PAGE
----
For so long kindergarten seems like a far-off, abstract thing that other peoples’ kids do. But then it comes so fast, the school bus drives around the corner and the doors open and there’s no time. They start walking away and I panic. What do I tell them? What do I say? What do they need to know?
“I love you. Jesus loves you,” I whisper, and squeeze them while they walk forward without hesitating, and climb those awkward, oversized stairs.
They are ready. Five years of growing in the shelter of love and security has more than prepared them to step out on their own.
Everyone who said it would be easier the second time is wrong. It is the second time for me, but it’s still the first time for her.
She went to kindergarten with a giant tiger stuffed in her backpack and a horse charm necklace to remind her of Mommy.
Off to first grade with a new hair cut and a bit more apprehension than I expected.
Off to school.
The week before school started we were all sick, so on the first day I was even more unprepared than normal. I packed their lunch with things I found at the back of the fridge, I hoped their favorite outfits were clean. I’m used to scrambling emotionally when these milestones pop up, but at least I can take comfort in packing their lunch with their favorite out-of-season berries and processed snacks. Let this be a year of trusting God to fill in the gaps, that Jesus makes complete my best efforts to protect, shape, and love my children.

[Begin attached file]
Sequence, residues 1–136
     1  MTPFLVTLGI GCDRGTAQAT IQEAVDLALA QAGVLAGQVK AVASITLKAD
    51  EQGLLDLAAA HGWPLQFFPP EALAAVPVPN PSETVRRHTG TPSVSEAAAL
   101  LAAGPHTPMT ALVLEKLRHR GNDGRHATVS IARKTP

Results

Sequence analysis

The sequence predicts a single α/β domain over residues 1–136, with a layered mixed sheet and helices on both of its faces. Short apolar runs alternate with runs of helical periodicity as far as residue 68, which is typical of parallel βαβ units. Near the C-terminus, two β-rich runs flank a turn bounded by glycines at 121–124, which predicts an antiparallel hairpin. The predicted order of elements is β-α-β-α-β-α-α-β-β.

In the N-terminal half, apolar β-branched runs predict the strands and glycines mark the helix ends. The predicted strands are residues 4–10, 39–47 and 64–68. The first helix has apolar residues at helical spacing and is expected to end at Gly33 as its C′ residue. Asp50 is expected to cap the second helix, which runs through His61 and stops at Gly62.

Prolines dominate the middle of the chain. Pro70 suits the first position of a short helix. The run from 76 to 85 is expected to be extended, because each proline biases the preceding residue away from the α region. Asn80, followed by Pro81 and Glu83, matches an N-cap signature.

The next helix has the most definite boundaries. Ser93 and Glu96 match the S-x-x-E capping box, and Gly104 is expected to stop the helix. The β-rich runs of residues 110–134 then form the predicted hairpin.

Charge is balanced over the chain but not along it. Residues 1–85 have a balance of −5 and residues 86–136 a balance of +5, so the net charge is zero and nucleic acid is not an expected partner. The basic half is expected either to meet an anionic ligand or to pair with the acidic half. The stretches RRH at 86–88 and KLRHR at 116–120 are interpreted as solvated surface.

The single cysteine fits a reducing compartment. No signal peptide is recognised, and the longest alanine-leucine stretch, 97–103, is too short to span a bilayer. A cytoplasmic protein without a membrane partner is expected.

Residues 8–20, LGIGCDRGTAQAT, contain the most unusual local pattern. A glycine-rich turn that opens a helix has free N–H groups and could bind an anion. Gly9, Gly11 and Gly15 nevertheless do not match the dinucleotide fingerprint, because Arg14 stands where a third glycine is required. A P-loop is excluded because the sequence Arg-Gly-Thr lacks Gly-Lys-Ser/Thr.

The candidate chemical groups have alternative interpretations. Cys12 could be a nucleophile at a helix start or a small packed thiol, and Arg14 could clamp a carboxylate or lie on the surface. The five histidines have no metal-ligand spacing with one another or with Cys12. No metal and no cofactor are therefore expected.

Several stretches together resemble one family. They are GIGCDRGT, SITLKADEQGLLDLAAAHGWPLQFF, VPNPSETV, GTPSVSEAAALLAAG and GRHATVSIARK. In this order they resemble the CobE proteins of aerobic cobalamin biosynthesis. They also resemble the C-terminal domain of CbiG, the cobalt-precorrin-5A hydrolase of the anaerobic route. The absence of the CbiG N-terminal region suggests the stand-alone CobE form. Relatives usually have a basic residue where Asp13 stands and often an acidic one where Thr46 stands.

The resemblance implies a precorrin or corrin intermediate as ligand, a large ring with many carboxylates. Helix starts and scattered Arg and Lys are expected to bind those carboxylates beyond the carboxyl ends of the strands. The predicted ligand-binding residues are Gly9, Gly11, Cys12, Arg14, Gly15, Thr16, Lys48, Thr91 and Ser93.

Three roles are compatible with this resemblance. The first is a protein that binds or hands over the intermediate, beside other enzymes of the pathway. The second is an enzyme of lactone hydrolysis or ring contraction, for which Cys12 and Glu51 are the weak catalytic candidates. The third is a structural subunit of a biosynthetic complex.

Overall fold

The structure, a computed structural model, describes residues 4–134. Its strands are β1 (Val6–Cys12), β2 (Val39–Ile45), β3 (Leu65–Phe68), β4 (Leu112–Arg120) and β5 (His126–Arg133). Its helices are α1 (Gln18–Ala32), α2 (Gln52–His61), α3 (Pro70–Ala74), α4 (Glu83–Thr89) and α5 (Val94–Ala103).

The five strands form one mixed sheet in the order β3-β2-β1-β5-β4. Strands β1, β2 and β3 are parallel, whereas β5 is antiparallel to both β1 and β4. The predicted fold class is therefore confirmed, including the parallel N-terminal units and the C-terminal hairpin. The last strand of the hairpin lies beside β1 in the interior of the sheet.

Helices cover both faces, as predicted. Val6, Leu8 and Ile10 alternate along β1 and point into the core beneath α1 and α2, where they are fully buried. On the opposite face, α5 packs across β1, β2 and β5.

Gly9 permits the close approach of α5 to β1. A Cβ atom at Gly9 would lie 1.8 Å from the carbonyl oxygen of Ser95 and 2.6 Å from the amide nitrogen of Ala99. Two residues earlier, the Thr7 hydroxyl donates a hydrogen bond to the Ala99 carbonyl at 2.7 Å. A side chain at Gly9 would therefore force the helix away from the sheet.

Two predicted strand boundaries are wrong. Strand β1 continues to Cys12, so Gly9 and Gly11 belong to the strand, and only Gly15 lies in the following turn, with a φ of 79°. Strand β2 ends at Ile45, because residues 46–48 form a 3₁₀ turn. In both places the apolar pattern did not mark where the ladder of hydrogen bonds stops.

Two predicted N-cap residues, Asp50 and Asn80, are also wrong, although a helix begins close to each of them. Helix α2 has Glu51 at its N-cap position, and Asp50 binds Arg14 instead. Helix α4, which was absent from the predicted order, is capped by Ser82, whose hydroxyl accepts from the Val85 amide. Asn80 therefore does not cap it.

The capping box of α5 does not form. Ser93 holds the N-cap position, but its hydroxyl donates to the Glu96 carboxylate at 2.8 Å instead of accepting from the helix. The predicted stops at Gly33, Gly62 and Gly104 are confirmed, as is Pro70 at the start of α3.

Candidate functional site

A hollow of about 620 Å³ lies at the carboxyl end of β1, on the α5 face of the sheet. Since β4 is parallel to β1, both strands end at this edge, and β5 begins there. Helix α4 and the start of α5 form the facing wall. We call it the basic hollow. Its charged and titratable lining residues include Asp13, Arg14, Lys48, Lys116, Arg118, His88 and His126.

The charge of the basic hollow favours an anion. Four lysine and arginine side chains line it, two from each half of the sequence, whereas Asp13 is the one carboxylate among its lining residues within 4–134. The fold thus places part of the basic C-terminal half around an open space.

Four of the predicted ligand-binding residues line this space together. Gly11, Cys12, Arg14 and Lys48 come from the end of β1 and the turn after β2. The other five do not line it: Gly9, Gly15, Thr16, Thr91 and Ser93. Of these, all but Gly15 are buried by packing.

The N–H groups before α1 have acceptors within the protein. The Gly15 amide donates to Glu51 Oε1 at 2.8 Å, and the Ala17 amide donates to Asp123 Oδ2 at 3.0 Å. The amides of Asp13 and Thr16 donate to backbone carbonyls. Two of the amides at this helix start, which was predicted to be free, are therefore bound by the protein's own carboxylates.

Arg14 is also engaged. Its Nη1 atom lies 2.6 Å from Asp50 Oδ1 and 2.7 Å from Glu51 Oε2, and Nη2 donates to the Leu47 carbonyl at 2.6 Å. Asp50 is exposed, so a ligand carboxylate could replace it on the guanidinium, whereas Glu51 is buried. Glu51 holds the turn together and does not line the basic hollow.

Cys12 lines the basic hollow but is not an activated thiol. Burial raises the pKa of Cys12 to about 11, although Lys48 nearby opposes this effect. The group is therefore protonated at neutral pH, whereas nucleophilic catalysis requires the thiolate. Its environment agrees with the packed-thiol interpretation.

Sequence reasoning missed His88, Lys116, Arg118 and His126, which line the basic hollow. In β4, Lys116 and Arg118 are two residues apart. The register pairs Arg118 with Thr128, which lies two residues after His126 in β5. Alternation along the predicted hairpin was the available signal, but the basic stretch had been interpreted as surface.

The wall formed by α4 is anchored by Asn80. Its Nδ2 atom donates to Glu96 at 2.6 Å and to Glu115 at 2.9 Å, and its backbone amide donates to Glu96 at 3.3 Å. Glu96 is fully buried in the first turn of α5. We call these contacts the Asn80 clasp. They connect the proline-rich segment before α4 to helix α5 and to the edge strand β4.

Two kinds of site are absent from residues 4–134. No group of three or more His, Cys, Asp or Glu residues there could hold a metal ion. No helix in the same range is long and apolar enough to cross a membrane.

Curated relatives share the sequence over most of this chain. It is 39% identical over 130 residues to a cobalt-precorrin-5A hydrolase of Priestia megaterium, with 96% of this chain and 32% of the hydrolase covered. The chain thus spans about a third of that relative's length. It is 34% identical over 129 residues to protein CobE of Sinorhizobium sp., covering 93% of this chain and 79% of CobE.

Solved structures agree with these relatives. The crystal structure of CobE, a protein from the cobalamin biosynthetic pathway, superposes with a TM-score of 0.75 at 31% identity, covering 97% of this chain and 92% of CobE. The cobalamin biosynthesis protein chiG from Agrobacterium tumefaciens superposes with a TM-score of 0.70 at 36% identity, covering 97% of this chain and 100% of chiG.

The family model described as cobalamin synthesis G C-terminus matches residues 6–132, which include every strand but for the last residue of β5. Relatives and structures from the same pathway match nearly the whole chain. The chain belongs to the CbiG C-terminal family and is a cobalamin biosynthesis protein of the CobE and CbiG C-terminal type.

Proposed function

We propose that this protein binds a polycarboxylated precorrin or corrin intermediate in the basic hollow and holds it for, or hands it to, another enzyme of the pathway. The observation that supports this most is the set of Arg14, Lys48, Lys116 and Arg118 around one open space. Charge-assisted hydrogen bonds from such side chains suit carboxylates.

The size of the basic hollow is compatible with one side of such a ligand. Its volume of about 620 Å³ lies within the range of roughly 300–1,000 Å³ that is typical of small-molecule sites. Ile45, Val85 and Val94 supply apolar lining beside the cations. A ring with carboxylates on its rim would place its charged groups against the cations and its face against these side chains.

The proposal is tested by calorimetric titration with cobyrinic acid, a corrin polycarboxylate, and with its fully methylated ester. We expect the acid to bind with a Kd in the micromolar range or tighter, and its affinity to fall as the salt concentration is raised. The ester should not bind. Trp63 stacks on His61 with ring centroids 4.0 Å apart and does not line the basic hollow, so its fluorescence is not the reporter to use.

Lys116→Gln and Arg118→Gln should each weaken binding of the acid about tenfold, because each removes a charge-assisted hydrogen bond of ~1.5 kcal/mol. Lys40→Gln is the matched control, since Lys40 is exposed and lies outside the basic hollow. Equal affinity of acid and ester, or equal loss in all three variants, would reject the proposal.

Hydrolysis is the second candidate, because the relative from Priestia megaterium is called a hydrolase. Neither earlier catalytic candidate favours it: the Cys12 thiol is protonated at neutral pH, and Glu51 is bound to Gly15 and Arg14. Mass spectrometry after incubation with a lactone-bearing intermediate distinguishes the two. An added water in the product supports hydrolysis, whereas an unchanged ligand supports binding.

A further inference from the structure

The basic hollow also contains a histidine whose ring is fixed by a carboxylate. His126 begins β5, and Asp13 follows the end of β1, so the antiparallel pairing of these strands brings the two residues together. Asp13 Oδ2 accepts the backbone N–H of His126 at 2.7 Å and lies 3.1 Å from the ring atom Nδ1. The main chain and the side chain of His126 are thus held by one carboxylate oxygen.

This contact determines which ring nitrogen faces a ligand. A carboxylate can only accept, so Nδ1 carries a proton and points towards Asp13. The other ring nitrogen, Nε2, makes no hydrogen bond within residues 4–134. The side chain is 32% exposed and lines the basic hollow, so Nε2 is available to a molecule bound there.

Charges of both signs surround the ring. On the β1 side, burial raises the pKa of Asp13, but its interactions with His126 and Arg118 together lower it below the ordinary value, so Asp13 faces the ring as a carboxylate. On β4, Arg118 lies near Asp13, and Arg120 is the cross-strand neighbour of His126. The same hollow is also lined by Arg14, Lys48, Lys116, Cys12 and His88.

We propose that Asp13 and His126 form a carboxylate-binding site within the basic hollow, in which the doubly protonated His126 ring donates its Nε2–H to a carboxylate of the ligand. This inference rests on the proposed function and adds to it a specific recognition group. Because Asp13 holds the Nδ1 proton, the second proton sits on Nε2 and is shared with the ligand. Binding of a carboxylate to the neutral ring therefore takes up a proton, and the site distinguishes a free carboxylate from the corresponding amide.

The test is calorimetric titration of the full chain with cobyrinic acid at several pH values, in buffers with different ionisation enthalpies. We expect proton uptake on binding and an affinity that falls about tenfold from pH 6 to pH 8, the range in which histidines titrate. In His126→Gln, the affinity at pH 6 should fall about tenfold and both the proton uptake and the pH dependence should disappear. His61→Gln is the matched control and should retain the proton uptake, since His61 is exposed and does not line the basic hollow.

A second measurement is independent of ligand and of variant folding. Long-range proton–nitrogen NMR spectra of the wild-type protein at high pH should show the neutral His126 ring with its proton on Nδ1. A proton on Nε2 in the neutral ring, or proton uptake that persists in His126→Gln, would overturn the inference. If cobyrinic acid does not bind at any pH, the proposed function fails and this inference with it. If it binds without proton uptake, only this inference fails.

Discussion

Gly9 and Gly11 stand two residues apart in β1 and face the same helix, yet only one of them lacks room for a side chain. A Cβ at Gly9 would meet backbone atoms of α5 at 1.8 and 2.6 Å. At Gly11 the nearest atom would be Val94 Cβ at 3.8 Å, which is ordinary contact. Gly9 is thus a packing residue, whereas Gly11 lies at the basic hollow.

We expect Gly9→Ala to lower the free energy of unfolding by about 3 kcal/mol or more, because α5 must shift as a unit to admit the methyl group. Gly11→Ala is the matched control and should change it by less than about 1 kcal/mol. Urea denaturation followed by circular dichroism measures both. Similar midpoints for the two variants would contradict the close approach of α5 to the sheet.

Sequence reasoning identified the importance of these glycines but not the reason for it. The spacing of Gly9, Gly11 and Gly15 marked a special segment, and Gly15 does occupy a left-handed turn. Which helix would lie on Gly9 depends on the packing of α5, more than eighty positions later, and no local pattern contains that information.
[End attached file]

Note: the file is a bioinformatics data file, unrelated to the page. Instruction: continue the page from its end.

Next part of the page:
I watched them ride away on the big yellow school bus, off to school where, through friends and experiences, successes and failures, they will learn lessons that I could never teach by gripping them tightly.
While they’re gone, I’ll continue praying the same thing that I’ve always prayed for them — that they will be kind, brave, and generous. That they will make good friends, meet challenges head-on, treat others the way they want to be treated, that they will remember that Mommy and Daddy love them, and that Jesus is with them.
– – – – –
They came home, all smiles and ready to crash. We talked about their day and celebrated with chocolate chip cookies and scattering every toy we own throughout the house. Tomorrow we’ll do it all over again, with less hoopla. And then the next day, and the day after that, and on and on.
Some days will be easy, some days will be hard, but the truth remains: Mommy and Daddy love you, and Jesus is with you.
Amanda I read your posts often and from what I know of kids (which admittedly may be a little dated), you are doing a great job, probably getting learning more from your mom and perhaps grandmothers than you realize! I think your mom is a “super”